Rebecca Swift, director of creative planning and Tom Hind, creative content director at Getty Images, talk to Jennifer Chan about how they help ad agencies to do visual branding and why data is key.
Visual branding has always been a big topic in advertising as public perceptions towards a brand is greatly influenced by its visual presentation.
Advertising agencies are undoubtedly the main drive behind this medium but photographic agents like Getty Images, one of the world’s biggest stock image library which has more than 80 million still images in stock, is instrumental to this business.
Just like its major client – advertising agencies – creativity lies at the core of Getty business behind the glossy images.
“Creativity is important for us to figure out ways to refresh key concepts that you see in our stock,” said Tom Hind, director, creative content at Getty Images.
“Take a hand shake for example. We look at what does it say, what is the concept behind the handshake, and how to recreate it in a different way to suit the needs for a local market.”
Storytelling, as a global trend, is where most agencies are headed. But advertising visuals should avoid narrative heavy image, he said.
“Storytelling is definitely a trend but we don’t want images to be too narrative. If you try to tell too many stories in one image, it’d become too busy and hard to understand,” said Hind.
“We tend to suggest photo that is easy to understand and emotionally connects with people. For example, the idea behind an image of a cross generation portrait (grand children together with grand parents) is protection. It can be a simple shot, but it tells a concept via a real scenario that emotionally connects with audiences.”
“We don’t need much storytelling in one image but to have one that is strong enough to grab consumers’ emotions, making people to believe what the shot is telling, that’s what the audiences want,” he stressed.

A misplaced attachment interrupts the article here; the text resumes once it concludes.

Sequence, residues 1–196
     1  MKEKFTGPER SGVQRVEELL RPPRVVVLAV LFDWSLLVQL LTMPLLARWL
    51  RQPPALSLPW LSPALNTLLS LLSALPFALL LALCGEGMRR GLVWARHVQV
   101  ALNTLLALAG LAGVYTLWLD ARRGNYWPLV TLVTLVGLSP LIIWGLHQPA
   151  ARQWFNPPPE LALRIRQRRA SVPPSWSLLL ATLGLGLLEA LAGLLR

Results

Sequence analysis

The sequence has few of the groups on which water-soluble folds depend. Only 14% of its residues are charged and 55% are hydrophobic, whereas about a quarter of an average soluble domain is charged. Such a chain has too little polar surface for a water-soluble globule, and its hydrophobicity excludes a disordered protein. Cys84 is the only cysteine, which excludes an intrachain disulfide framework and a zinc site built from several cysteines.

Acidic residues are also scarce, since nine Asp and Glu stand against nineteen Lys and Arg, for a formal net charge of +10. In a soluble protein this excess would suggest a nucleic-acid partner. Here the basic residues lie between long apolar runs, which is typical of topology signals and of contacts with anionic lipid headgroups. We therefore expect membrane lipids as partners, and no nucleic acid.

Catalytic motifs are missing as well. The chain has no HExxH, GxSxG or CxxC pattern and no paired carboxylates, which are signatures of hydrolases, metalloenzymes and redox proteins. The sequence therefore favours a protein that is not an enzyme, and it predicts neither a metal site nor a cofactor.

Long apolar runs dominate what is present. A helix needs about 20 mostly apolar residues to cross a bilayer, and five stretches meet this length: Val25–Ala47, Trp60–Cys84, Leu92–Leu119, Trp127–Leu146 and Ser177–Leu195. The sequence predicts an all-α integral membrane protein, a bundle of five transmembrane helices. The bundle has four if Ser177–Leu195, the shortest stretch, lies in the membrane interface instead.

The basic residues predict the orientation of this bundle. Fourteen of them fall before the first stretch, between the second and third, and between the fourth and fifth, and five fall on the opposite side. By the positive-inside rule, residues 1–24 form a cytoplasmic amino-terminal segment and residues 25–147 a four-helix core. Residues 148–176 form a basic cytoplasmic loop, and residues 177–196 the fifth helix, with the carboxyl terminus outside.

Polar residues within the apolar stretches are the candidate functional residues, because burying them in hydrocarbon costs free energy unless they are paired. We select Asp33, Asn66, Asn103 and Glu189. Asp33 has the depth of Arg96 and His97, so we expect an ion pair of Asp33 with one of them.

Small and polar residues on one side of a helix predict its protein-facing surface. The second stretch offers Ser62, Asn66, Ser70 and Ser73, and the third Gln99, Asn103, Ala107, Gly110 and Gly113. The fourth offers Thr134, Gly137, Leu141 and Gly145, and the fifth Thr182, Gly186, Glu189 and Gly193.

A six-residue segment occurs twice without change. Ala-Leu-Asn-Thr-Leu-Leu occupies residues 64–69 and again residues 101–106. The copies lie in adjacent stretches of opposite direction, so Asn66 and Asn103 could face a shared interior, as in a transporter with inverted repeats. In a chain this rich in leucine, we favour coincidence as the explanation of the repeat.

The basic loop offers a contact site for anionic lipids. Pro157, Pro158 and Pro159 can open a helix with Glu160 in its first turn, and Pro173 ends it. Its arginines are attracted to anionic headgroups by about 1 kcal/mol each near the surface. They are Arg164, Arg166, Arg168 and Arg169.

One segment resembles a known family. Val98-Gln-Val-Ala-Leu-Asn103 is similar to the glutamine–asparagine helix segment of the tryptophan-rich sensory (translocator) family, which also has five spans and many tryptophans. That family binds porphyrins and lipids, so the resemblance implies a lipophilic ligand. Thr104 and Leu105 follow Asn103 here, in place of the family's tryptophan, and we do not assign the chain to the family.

Harnessing its creative manpower who come from ad agency background, the stock image archive giant work hand in hand with ad agencies behind projects to optimise visual branding strategies for their clients through brain storming sections.
Rebecca Swift, director of creative planning at iStock, Getty Images, said: “Through interviews and discussions with our clients, we brainstorm around pictures, looking at visual language and the types of images that can be used to deliver messages.
We also get we gather our clients preference through our sales team; if we are lucky we even get visual branding guidelines from agencies or even internal documents of what they are looking for from their clients.”
Southeast Asia’s economic boom in recent years has developed a unique demand of luxury images within the market, Swift continued.
“In Europe and North America we are seeing a trend of phone aesthetic that caters to social media like Instagram. There are lots of filters, lens and effects. Images are more authentic with a sense of imperfections that makes you feel more real.”
“Whereas in Southern Asia where the economy is booming,” she continued, “you see imagery around luxury, affluent lifestyle and portraits that feature supreme status.”
Curating this massive 80 million image trove is no doubt a complex task. Swift accentuated the importance of having an easy-to-search keyword for images to matchup search engine.
“In the early days of stock, it was the pictures that spoke for themselves. Pictures were categorised by filing systems, image searching on website was far easier. Now we have to be able to define the search and make it more focus on what users actually want.
“It’s really the key when we upload images on to our website that they have the right keyword,” she said.
Stopping online users from right-clicking images is one big topic for photograph archives. As stock image database grows, it seems almost impossible to put an end to unauthorised image copying on the internet.
In an effort to combat the problem, a new “embed tool” has been newly introduced a month ago to ensure contributors’ works are credited.
Some 35 million images from its digital photo archive are now available for users to embed and share on social media free-of-charge through the new tool. All of which are credited with Getty in footers with links to licensing pages, reserving only for non-commercial and editorial use.
The company has no plan to welcome advertisers in this program in the future, but will put into consideration of using advertising revenue led models in terms of data collected from the embed model, “as in who is using the imagery, how is imagery going viral, how is the image being shared”, said Hind.
“Data has become more and more important to us. We are now able to harness this model to collect data of how image circulating online.”
It backed with a business intelligence area, which provides creative research and data in terms of best sellers, clients’ demands, and trends prediction, he added.
It wasn’t until two weeks ago the company put an additional focus to B2C business with the launch of photos.com, a spin-off platform offering print, canvas and wall art to consumers.
“There’s an interesting market in the consumer space that we don’t want to neglect,” added Hind.